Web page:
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A Family of Glycosylated Macrolides Selectively Target Energetic Vulnerabilities in Leukemia

By Benjamin J Reisman, Hui Guo, Haley E Ramsey, Madison T Wright, Bradley I Reinfeld, P. Brent Ferrell, Gary A Sulikowski, W. Kimryn Rathmell, Michael R Savona, Lars Plate, John L Rubinstein, Brian O Bachmann

Posted 31 May 2021
bioRxiv DOI: 10.1101/2021.05.31.445492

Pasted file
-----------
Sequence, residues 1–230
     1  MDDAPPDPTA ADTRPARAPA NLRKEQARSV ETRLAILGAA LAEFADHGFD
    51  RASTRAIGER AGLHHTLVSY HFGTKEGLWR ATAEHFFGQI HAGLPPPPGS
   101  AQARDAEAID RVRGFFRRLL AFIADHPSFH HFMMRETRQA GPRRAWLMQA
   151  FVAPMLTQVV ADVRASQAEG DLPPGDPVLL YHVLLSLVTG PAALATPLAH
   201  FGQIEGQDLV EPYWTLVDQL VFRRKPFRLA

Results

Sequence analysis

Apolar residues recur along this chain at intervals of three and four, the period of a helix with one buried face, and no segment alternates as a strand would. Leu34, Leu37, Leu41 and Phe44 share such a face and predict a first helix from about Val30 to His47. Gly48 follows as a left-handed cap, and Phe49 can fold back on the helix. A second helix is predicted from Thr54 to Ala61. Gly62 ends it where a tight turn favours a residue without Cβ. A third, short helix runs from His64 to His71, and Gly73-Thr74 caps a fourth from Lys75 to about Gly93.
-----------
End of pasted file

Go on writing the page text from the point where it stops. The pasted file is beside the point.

Cancer cells have long been recognized to exhibit unique bioenergetic requirements. The apoptolidin family of glycomacrolides are distinguished by their selective cytotoxicity towards oncogene transformed cells, yet their molecular mechanism remains uncertain. We used photoaffinity analogs of the apoptolidins to identify the F1 subcomplex of mitochondrial ATP synthase as the target of apoptolidin A. CryoEM of apoptolidin and ammocidin-ATP synthase complexes revealed a novel shared mode of inhibition that was confirmed by deep mutational scanning of the binding interface to reveal resistance mutations which were confirmed using CRISPR-Cas9. Ammocidin A was found to suppress leukemia progression in vivo at doses that were tolerated with minimal toxicity. The combination of cellular, structural, mutagenesis, and in vivo evidence define the mechanism of action of apoptolidin family glycomacrolides and establish a path to address OXPHOS-dependent cancers.

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